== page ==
With shutdown over, Main Street businesses begin to reopen in Park City
Red Banjo Pizza at 5 p.m. on Saturday reopened the dining room and deck after a closure that lasted for longer than six weeks, stretching from what would have been the final weeks of the ski season through the first month of the spring shoulder season.
The restaurant had been offering to-go and delivery services during the Summit County-mandated shutdown of the dining room, part of the County Courthouse’s broad, community-wide efforts to halt the spread of the novel coronavirus. The eatery had also been providing a family in need with a free dinner each night. But on Saturday Red Banjo was able to welcome people inside again.
Tana Toly, whose family owns the longtime restaurant, said the people who came to Red Banjo on Saturday were chatty and some said they had not been to the restaurant in years. Parkites tipped well and praised the staffers, she said.
“People are ready to get out of their home to go and eat,” she said, adding, “Have some fun again.”
Red Banjo and the other businesses in Park City and surrounding Summit County must adjust to tight restrictions that health officials mandated as the local economy begins to reopen from the coronavirus shutdowns. Restaurants are especially impacted by the restrictions since they prepare food and typically draw crowds to tight quarters.
Red Banjo is limiting hours for now and the available seating has been temporarily slashed to meet social distancing guidelines designed to keep people separated. The main floor normally has 13 tables available, but that number has dropped to five. The deck typically offers five tables, a figure that has been reduced to two, while the lower floor remains closed, leaving 13 tables unavailable on that level.
Sales dropped over the weekend from what normally would be expected, but Toly described the numbers as “pretty good” nonetheless. She said there is cautious optimism Red Banjo will have a solid spring.
“This has been a good opportunity to get locals back on Main Street,” she said.
Main Street and the wider business community have suffered terribly under the shutdown conditions, which led to a punishing end to the ski season as the mountain resorts closed several weeks earlier than scheduled, the lodging industry cratered and crowds disappeared. The Park City Chamber/Bureau in March released a forecast showing season-end spending by visitors through the end of April was projected to drop by 16.7% from the previous ski season. The lodging numbers were projected to drop similarly. City Hall, meanwhile, is preparing for what will be the most difficult budget talks since the depths of the recession a decade ago as leaders cope with falling sales taxes.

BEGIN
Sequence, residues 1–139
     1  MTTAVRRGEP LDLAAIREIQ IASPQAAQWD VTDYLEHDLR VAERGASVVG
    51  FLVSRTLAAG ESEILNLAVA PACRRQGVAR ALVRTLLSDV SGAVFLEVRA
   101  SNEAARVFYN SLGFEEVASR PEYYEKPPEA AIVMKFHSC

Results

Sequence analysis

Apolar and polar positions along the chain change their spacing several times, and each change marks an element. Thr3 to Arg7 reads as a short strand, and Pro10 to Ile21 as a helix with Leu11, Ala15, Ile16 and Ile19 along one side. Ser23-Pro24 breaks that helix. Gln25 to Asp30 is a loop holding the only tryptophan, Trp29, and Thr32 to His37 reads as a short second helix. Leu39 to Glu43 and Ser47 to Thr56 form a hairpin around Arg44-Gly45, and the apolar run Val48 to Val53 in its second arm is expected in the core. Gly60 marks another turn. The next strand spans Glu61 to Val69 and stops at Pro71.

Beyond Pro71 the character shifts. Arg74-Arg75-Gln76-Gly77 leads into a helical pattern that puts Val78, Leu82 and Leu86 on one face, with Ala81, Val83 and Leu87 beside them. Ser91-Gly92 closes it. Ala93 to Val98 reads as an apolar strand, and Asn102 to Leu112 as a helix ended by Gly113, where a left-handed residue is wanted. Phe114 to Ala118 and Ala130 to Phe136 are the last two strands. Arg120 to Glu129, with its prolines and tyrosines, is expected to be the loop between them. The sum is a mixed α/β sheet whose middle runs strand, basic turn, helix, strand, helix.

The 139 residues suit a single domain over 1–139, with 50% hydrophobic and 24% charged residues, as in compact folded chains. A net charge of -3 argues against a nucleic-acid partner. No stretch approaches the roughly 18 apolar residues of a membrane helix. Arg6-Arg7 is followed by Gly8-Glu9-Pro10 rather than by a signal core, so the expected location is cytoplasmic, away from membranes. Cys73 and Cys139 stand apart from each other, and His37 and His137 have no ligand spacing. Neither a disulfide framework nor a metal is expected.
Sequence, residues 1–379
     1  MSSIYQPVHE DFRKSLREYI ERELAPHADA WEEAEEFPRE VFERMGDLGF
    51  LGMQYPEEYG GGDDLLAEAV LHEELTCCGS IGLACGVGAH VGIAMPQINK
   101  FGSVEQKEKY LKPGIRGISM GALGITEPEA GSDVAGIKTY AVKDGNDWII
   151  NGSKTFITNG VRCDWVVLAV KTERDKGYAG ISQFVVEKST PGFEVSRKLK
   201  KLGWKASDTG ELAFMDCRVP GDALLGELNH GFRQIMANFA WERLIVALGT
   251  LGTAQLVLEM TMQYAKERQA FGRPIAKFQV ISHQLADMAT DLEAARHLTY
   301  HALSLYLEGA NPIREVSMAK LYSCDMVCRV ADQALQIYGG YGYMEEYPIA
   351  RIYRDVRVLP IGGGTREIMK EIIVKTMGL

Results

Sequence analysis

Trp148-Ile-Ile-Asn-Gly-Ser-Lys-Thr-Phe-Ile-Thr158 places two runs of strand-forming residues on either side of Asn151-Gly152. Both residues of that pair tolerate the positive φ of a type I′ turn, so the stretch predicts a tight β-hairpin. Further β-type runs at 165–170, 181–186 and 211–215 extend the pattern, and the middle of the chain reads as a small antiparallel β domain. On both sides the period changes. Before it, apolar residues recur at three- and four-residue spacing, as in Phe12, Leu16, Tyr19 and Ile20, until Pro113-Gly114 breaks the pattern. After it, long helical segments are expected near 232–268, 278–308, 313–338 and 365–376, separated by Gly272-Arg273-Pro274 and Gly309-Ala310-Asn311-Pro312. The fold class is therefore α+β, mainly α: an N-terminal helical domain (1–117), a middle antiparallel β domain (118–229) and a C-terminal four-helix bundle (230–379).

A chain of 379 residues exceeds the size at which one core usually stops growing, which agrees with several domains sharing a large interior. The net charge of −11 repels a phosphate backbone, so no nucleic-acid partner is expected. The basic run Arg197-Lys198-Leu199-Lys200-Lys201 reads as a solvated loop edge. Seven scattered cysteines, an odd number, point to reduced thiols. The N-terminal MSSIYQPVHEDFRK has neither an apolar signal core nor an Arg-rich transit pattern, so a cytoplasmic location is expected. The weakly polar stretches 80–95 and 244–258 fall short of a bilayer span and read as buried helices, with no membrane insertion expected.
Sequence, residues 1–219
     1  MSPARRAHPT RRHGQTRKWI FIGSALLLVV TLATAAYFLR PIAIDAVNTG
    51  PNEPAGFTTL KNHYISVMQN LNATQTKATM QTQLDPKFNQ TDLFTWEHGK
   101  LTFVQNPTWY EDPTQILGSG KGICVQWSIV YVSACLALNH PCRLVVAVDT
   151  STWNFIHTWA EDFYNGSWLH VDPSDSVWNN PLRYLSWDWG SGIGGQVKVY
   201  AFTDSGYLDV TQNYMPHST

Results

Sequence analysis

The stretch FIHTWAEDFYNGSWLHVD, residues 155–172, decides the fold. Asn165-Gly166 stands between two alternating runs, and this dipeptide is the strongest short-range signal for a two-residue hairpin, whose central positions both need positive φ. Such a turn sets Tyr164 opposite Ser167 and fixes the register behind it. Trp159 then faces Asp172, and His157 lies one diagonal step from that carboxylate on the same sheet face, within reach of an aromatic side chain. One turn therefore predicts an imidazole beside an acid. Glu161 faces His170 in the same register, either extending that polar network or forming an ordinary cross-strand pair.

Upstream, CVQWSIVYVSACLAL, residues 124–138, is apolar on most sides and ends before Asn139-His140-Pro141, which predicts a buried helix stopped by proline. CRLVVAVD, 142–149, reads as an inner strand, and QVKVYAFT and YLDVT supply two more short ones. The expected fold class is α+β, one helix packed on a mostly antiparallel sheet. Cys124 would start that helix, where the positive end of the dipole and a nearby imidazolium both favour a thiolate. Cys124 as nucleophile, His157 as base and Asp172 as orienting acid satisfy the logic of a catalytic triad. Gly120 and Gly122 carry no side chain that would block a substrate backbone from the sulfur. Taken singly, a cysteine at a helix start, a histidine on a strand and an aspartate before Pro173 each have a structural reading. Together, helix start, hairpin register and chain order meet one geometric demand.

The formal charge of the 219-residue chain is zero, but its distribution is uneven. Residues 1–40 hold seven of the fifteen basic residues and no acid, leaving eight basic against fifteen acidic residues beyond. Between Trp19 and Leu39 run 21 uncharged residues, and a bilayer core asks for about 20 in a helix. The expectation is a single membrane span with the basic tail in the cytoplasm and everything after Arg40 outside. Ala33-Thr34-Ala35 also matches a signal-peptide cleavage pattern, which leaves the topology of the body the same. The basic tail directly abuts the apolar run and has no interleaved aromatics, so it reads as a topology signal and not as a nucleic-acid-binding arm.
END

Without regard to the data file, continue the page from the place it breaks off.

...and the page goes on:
There were at some points just a scattered person or two seen on Main Street just after the shutdown started in March. There would normally be crowds on the shopping, dining and entertainment strip until the early morning hours at that time of year. The business group that represents the interests of Main Street, the Historic Park City Alliance, has drafted a months-long plan to reignite the street as it outlined a series of steps to draw people.
Alison Kuhlow, the executive director of the Historic Park City Alliance, said business on Main Street at the beginning of May is limited anyway based on the traditional post-skiing shoulder season. She said people were seen walking Main Street last weekend as places started to reopen. Sales figures from the Historic Park City Alliance were not available by early in the week. She said she anticipates more retailers will reopen in the next several weeks. She predicted by June 15, at the outset of the busiest stretch of the summer-tourism season, approximately 90% of the businesses on Main Street will have reopened with their “own version” of summer operations for 2020.
“It gives you more control of the outcome of your business,” she said about the ability to reopen after the shutdowns.
Another business along Main Street, the spa PuraVida on Main, has been closed since March 15 and plans to reopen on Friday. The spa, located in the Main & Sky hotel, is readying a detailed protocol for the reopening as it strives to protect workers and customers in an environment where one-on-one touching is imperative to the services.
The PuraVida on Main owner, David Greenholtz, said workers and customers will be required to wear masks, the spa will offer a limited menu of services, the workers and customers must provide 14-day health histories and workers will have their temperature taken twice a day. The spa lobby will be closed, check-ins will be conducted online and appointments will be prepaid. Some of the services will not be offered upon the reopening.
He said it will be “definitely a changed experience” when PuraVida on Main reopens. The projection for business is unknown, Greenholtz said. A survey of 200 clients found 90% would return to the spa, he said, describing a visit as a “little break from reality.”
“Everyone’s been cooped up …” he said, adding that a trip to a spa is enjoyable. “Everyone’s under a lot of stress.”
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A member of the Park City Planning Commission for at least the second time in less than a year spoke publicly about a concept that would financially involve City Hall in a development proposal at Park City Mountain Resort. Planning Commissioner John Phillips did not address the concept in any depth during a lengthy meeting.